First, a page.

Published : Wednesday, 06 January, 2016 08:15 AM
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Leaving the juvenile without severe punishment in Nirbhaya case has given a wrong message to society
History is replete with moments which have stirred the collective consciousness of the society and forced it to come out of its stupor to make itself heard. The December 16 rape case, which came to be known as the Nirbhaya case, is one such instance which evoked a deep sense of outrage across all sections of society, even compelling people to come out on the streets to protest and demand action. Three years after the brutal incident, in which the victim lost her life, one of the persons responsible for the incident is being allowed to walk free, because he was a juvenile at the time of committing the crime. This has shocked the public at large and raised questions on the judicial system of the country.
A. The gruesomeness of the crime makes it a rarest of rare case which aroused extreme indignation of the community. In such instances, the highest courts of India have taken recourse to capital punishment. While four convicts were sentenced to death by hanging and one died in police custody, the sixth convict, a juvenile, also described by the police officers as the ‘most brutal’ got away with a milder punishment of three years in a correction facility, the maximum punishment provided in the Juvenile Justice (Care and Protection of Children) Act.
B. In this case, not only is the juvenile being freed but he is also being rehabilitated by the authorities so that he is able to start life afresh. This seems to send a wrong message to the society. While the victim who suffered at the hands of the juvenile passed away, the person responsible for her fate is being given another chance. Won’t this encourage other people in similar situation to commit heinous crimes as they know that they will be let off by the Indian courts due to their age? Should age be the criteria while deciding the quantum of punishment for heinous crimes? Shouldn’t law be equally severe on anyone who commits heinous crimes irrespective of age?
C. I agree. The boy who is being called a juvenile just because he was a few months shy of being 18 years old at the time of the crime, deserves stricter punishment for his crime, something that sets an example for the society that such acts have no place in our civilised society.
D. Today, children are being exposed to all sorts of influences from a very early age. Therefore, to say that the mind of a 16 year old is not developed and law should be lenient for them if they commit ghastly crimes is a fallacy. The mind of a 16 year old is capable of differentiating between right and wrong. Mental growth, criminal conduct, capacity to understand criminal responsibility should be the factors to be weighed in while dealing with juvenile offenders rather than age.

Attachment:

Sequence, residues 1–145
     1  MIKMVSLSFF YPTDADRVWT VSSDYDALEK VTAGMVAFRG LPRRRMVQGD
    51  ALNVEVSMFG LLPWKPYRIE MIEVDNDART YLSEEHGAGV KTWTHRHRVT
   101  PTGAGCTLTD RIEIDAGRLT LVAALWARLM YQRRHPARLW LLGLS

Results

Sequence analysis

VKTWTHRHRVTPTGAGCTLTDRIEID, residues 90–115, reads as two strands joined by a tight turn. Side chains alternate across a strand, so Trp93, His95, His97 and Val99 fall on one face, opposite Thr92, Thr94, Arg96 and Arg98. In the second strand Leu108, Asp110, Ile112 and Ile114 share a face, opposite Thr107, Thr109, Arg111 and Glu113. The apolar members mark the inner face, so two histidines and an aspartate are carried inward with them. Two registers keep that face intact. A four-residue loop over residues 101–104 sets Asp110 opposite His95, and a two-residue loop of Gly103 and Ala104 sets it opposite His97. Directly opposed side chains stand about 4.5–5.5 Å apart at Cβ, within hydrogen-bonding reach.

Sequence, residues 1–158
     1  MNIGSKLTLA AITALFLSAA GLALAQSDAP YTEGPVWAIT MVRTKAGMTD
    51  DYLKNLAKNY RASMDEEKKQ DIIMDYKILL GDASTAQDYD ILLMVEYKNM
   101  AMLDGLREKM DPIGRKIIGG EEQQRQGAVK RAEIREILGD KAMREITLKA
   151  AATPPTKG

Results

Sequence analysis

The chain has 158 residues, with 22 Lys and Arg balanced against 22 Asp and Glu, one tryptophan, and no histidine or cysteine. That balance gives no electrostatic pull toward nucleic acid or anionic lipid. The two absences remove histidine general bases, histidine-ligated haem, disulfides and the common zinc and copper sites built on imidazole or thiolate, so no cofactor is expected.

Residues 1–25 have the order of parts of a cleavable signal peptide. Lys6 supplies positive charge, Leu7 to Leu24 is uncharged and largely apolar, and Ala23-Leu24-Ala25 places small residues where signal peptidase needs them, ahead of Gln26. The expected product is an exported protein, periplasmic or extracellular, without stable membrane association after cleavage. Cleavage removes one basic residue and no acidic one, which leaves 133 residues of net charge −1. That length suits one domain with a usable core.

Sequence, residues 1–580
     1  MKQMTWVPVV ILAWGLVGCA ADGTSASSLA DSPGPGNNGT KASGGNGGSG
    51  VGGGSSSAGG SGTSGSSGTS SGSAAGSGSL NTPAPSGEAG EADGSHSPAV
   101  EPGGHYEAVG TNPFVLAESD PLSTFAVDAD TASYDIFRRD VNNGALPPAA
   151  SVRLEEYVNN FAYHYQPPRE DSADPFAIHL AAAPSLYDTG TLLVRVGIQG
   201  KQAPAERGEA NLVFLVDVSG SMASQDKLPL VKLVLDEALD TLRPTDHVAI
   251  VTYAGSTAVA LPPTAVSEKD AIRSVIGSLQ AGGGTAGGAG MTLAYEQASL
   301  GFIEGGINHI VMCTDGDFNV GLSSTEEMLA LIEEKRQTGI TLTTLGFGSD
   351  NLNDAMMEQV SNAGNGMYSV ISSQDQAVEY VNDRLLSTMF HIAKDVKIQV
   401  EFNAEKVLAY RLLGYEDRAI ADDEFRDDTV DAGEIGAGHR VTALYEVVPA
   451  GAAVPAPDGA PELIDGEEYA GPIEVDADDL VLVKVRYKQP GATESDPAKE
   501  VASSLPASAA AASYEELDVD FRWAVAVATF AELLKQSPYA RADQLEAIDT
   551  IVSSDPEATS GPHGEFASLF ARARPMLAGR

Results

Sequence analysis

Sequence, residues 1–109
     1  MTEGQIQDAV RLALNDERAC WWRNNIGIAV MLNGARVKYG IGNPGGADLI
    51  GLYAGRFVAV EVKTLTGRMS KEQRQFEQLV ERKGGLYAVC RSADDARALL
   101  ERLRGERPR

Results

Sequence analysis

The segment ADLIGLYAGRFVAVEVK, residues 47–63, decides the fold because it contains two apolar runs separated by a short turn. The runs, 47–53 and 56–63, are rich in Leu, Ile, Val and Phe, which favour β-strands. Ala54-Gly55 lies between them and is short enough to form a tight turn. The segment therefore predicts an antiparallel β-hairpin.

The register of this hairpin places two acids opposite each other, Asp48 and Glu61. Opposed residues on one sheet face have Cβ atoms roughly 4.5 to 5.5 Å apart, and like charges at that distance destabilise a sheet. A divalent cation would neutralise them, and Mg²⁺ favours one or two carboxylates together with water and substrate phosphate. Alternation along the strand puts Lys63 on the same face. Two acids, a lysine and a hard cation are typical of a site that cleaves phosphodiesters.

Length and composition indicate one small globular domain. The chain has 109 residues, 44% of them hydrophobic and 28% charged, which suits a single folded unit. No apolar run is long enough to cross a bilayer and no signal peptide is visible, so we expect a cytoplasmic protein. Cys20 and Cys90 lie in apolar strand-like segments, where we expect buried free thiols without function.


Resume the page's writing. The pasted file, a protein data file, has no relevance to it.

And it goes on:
E. This brings into focus the nature of justice and the laws that are perhaps outdated and need revision to be in sync with the complex realities of the contemporary world. As a result of the outrage, the Parliament passed the Juvenile Justice (Care and Protection of Children) Amendment Bill 2015, which allows for juveniles 16 years or older to be tried as adults for heinous crimes like rape and murder.
F. However, one instance cannot be the basis of modifying the laws pertaining to the age or penalty for grave offences. The United Nation Child Rights Convention, of which India is a signatory, has fixed the age of a juvenile at 18 years and says that best interests of the child shall be paramount. Isolated cases cannot be the basis for assuming that all children are not innocent and offenders should be dealt with strictly.
G. True. The larger question that the society needs to answer is what made the child adopt a path of criminality? Isn’t it the failure of the State to look after the welfare of innocent children who are deprived of a family and a normal childhood? Before jumping to conclusions, we need to consider the background of the juvenile offender and make all attempts to reform the child. The demands of humanity, which is much bigger than justice, will be met only then.
H. I do feel that the nature of the crime committed by the juvenile left no scope for any sympathies with him. By letting him walk free and giving him another chance, we are taking a big risk. Instead of deterring others from committing a crime, this might remove the fear of law from the minds of wayward juveniles and also portray India as a society which tolerates such heinous crimes.
The judiciary needs to tread a fine line between setting exemplary punishments for heinous crimes irrespective of the age of the convict on one hand. On the other, not trampling on the childhood of juveniles and giving them a chance to reform as deemed fit.
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